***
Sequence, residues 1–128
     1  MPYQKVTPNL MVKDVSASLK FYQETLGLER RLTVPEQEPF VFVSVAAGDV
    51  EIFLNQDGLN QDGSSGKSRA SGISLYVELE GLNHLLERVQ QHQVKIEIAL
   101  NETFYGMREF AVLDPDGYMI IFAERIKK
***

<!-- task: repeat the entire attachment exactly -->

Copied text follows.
Sequence, residues 1–128
     1  MPYQKVTPNL MVKDVSASLK FYQETLGLER RLTVPEQEPF VFVSVAAGDV
    51  EIFLNQDGLN QDGSSGKSRA SGISLYVELE GLNHLLERVQ QHQVKIEIAL
   101  NETFYGMREF AVLDPDGYMI IFAERIKK